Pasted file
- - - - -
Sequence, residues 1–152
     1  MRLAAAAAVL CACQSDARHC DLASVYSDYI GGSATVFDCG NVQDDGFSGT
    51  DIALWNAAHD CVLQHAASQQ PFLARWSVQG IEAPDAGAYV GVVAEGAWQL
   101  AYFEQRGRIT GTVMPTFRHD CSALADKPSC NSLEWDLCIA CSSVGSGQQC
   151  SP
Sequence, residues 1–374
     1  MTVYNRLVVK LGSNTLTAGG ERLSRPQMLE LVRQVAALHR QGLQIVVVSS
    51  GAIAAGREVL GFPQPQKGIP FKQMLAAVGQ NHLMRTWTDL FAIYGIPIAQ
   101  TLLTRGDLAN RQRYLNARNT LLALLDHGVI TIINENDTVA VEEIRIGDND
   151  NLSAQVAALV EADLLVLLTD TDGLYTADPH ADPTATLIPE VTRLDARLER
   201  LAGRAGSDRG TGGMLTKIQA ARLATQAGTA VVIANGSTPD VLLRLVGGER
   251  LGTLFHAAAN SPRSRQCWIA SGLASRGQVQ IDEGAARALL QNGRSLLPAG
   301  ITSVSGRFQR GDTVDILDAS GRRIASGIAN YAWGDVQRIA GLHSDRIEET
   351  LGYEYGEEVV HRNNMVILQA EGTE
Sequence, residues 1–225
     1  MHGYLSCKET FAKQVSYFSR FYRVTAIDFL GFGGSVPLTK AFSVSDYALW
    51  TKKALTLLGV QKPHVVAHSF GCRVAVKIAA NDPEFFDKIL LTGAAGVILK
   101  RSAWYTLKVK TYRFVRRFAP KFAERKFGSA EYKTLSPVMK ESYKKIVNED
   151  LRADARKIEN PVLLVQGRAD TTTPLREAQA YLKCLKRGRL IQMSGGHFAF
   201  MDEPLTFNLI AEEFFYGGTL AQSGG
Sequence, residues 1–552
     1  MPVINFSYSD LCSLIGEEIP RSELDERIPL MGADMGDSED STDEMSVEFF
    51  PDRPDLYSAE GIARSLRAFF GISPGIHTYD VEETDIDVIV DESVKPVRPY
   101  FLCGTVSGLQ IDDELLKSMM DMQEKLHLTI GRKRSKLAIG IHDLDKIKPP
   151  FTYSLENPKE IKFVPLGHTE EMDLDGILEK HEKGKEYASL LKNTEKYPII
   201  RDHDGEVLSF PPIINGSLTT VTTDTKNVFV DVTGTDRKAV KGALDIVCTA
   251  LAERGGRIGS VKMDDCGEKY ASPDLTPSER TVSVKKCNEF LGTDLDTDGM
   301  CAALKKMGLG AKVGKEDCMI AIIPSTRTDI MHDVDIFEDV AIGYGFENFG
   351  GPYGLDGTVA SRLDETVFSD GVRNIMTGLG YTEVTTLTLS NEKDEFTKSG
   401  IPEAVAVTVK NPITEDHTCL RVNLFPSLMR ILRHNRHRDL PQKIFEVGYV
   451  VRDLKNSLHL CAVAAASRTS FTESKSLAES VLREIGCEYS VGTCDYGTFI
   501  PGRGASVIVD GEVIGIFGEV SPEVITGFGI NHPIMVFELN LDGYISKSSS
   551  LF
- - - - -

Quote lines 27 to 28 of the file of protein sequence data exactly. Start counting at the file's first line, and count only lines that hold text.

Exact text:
   251  LAERGGRIGS VKMDDCGEKY ASPDLTPSER TVSVKKCNEF LGTDLDTDGM
   301  CAALKKMGLG AKVGKEDCMI AIIPSTRTDI MHDVDIFEDV AIGYGFENFG